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Though not a big man, first round pick Troy Brown fills several needs for Wizards

Though not a big man, first round pick Troy Brown fills several needs for Wizards

The Wizards' selection of Troy Brown of the University of Oregon with their first round pick has been met with a strong reaction among fans, many of whom argue he doesn't play a position of need, that it was a luxury pick when other areas could have been addressed, most notably in their frontcourt. Big man Robert Williams of Texas A&M, for example, was still on the board. 

The Wizards, though, did address needs by picking Brown. And really, they arguably filled more pressing needs in the short-term than those at power forward and center.

Though the Wizards clearly need some help at big man in the long-term, as both of their starting bigs are on expiring deals, they need help immediately at both shooting guard and small forward. Brown, though he is only 18 years old and offers no guarantees to contribute right away, can play both of those positions.

Shooting guard is where he can help the most. The Wizards have one backup shooting guard in Jodie Meeks and he is due to miss the first 19 games of the 2018-19 season while serving a suspension for performance-enhancing drugs.

Even when Meeks was available this past season, he only helped so much. He shot just 39.9 percent from the field and 34.3 percent from three. Head coach Scott Brooks often chose to rely more on starter Bradley Beal than go to Meeks as his replacement. As a result, Beal logged the fourth-most minutes of any player in the NBA.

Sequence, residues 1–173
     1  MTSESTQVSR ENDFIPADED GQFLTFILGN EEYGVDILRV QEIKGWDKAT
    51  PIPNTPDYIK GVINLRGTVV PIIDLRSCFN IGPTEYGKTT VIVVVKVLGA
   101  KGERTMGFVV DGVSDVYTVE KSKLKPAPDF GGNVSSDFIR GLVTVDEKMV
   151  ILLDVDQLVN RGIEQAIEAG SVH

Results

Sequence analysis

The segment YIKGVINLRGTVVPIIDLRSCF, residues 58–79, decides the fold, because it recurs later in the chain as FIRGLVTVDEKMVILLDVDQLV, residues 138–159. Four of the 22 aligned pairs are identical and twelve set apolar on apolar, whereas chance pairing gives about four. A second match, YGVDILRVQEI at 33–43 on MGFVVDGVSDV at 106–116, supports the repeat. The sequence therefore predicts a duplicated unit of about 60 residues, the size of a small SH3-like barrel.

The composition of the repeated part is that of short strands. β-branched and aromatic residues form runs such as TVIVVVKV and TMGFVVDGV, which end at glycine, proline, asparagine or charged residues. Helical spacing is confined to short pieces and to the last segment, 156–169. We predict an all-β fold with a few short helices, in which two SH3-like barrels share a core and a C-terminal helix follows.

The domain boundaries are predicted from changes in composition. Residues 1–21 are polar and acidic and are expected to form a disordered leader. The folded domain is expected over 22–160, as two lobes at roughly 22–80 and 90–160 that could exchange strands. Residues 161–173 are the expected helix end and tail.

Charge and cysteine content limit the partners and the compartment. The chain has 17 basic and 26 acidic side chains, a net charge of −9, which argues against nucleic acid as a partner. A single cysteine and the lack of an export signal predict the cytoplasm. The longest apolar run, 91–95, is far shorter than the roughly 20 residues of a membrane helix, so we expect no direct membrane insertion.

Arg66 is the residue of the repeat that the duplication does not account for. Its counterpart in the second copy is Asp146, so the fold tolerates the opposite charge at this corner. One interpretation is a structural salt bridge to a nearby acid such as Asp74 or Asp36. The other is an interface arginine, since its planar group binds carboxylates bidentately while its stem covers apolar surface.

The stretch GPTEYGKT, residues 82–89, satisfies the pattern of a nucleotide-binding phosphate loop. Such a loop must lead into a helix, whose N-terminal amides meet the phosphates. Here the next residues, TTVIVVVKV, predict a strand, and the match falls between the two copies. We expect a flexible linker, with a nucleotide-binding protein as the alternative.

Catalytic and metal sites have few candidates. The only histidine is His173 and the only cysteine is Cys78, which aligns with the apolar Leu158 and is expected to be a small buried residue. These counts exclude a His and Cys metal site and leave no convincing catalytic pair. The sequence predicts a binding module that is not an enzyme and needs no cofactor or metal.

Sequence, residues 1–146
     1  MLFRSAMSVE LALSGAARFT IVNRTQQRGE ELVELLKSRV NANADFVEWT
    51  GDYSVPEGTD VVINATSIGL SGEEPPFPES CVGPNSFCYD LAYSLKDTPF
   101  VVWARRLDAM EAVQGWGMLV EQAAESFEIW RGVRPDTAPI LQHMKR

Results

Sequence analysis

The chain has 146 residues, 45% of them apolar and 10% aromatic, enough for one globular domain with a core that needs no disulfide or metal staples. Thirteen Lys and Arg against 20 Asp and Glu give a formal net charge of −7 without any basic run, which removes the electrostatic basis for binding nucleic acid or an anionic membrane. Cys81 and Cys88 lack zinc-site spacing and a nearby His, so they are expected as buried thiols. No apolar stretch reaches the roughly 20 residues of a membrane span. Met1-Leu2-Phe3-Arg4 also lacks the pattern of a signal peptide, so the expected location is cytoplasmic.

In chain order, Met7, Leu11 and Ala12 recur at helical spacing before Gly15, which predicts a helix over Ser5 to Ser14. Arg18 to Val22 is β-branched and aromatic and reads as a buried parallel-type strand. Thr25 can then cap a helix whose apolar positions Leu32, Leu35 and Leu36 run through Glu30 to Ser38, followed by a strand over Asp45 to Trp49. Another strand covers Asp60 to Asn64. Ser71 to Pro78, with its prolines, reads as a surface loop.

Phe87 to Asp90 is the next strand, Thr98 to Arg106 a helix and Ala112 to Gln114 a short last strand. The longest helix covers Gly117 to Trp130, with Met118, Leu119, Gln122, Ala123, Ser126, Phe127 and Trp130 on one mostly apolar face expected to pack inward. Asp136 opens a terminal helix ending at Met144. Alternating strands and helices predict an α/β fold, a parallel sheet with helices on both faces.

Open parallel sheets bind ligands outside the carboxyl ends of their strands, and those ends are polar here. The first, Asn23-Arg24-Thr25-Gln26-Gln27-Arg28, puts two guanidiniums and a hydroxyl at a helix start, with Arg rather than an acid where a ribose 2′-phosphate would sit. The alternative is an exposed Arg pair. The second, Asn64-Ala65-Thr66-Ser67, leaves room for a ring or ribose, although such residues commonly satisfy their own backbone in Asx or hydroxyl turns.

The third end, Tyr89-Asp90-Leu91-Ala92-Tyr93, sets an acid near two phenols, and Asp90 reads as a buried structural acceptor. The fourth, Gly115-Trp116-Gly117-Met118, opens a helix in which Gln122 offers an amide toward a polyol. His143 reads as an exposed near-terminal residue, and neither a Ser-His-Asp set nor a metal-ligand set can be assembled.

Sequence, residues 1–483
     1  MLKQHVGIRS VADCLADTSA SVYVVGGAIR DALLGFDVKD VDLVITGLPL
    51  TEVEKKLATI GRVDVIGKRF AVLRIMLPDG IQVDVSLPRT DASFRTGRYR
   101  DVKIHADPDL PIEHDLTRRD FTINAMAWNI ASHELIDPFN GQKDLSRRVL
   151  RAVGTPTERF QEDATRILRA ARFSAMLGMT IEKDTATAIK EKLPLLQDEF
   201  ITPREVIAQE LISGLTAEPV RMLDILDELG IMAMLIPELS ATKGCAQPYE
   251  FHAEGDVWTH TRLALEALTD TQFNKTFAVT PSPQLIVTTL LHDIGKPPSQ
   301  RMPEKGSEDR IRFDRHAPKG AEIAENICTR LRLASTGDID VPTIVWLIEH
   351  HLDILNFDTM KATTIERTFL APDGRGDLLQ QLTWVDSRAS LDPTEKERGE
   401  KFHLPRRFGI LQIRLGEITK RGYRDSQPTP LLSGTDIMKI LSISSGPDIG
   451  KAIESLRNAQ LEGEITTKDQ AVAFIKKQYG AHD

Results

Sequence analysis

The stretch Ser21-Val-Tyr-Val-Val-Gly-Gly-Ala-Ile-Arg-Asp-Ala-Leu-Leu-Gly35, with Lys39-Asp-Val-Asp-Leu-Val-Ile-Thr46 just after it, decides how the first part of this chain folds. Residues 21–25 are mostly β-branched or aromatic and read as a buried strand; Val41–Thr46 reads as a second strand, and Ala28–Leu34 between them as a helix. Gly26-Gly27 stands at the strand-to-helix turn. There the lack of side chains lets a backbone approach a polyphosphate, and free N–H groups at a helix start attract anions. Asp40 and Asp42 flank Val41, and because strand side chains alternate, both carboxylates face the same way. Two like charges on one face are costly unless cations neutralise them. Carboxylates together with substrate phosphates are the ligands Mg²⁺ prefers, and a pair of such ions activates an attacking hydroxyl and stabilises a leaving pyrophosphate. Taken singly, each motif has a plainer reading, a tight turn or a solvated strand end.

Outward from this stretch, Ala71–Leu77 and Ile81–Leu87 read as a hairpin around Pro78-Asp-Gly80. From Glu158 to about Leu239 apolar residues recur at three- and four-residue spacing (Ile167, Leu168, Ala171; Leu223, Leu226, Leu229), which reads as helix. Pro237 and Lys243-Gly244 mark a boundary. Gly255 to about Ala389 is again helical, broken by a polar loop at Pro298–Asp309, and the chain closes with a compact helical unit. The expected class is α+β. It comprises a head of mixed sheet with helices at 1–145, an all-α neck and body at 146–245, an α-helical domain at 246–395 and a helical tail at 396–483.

More depth at shooting guard will help relieve Beal of some of that workload. That would be great for keeping him fresh throughout the season and help him be at his best when they need him most in the playoffs.

The Wizards also have some urgency at small forward. It is their strongest position in terms of one-two on the depth chart, but they have no logical third option. That was magnified in the playoffs once Otto Porter got injured. They were left with Kelly Oubre, Jr. and had to trot out Tomas Satoransky, who has limited experience at the position.

Brown can play both shooting guard and small forward, giving them much needed depth. If he can play well enough to earn a rotation spot, the emergency situations the Wizards encountered last season could be avoided in 2018-19.

The Wizards still need to find long-term solutions at power forward and center, but they were going to need to find answers at shooting guard and small forward as well. Both Meeks and Oubre have one year left on their deals. Brown helps solidify the long-term outlook at wing.